Sunday, March 12, 2017

Maths Relays and Literacy

Each fortnight a Maths Relay is run in the classroom using mixed ability groups comprised of three to four students. The composition of the group changes each time to encourage students to get to know each other and to be exposed to learn new strategies from each other. Research has shown overwhelmingly that students can often learn just as much from each other than they can from their teacher! Explicit modelling is also provided by myself unpacking the questions the groups identify as the trickiest ones. At the end of each relay the children rate themselves on their co-operation skills and write down the two questions they found the most challenging, and why if they can put that into words. These type of questions and the strategies needed to unpack them are then taught. A lot of the ability to successfully solve mathematical problems is closely tied to students' abilities to both comprehend and unpack the questions. Each group has a highlighter pen. What is the key information? What information is irrelevant (not needed)? What is the exact question that needs to be answered? Have we looked closely at the written text and also the visuals supplied with the question?  Sometimes the kids choose the first answer which looks reasonable without looking closely at all the options. 

Here a lot of teams answered 4... instead of finding out how many lamingtons they wrote how many boxes 

All the possible answers need to be checked against the given graph. Kids sometimes don't unpack the graph well.

Teamwork is so important. Many minds can make light work. 

Students take turns to read out the question

A "No." means back to the drawing board. What didn't we consider?

Everyone can offer something to the conversation. Let's listen!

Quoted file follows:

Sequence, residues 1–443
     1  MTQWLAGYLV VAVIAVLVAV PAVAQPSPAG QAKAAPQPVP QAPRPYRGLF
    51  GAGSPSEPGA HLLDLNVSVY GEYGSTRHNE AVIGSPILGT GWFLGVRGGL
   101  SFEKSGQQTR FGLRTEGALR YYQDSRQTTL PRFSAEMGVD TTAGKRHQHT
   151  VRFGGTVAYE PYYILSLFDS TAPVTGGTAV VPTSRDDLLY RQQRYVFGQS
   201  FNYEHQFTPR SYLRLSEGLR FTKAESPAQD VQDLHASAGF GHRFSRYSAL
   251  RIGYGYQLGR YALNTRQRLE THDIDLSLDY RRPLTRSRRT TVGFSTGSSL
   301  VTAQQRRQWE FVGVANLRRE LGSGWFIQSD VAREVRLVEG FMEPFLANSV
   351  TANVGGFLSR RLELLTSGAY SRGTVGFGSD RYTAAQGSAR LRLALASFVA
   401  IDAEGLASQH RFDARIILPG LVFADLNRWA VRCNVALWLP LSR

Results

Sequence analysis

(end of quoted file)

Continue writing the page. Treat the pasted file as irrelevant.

Be a team sit so everyone feels involved, corner are good.

Team work in action. Stay focused.

Monday, March 6, 2017

Yahtzee - the maths side

Today we spent the double maths block learning all about Yahtzee. Many thanks to my grade 4 boys who learnt how to play this last year and assisted me in helping the class today; much appreciated. One boy and I modelled the process and explained the possibilities. Students were only permitted to use calculators to ascertain their final score.

As a primary school teacher, I often have parents asking me what extra things they can do with their children to help develop their maths. My reply is always “Please play board games'. There are myriads of both educational and developmental benefits that children gain when playing certain games. Both my own children played Yahtzee with their father and myself on many occasions and I found it a great way to consolidate their lateral thinking, their understanding of chance and also of coures the very important  computational skills involving addition and multiplication.

Yahzee is quite a complex  game and uses five dice at a time. This allows children to start working with larger numbers and adding up multiple groups. Children can be encouraged to use facile strategies when adding up (for example, using their friends of ten, known doubles, etc).
The game also provides children an introduction to multiplication without them even knowing it! When scoring for fives, all answers are multiple of fives. When they learn how to skip count, it helps them add up even quicker! For example, if they roll five 5s, they can count it up by going 'five, ten, fifteen, twenty, twenty-five', instead of counting all the dots on the dice one by one.


Saturday, March 4, 2017

Rizzi-inspired Birds

Our first art lesson of the year was Rizzi art. James Rizzi was a US American Pop Artist famous for his bright street art. The children used black pastels to draw their imaginary birds and then used Edicol dye wash to achieve a lively, colourful piece. Some of these are on display in the classroom. Feel free to come and have a look. We will be sharing them in this weeks assembly (Thursday 9th March) The assembly starts at 2:10.

Art display in the classroom

Edicol dye wash

Sunday-morning-backed Rizzi birds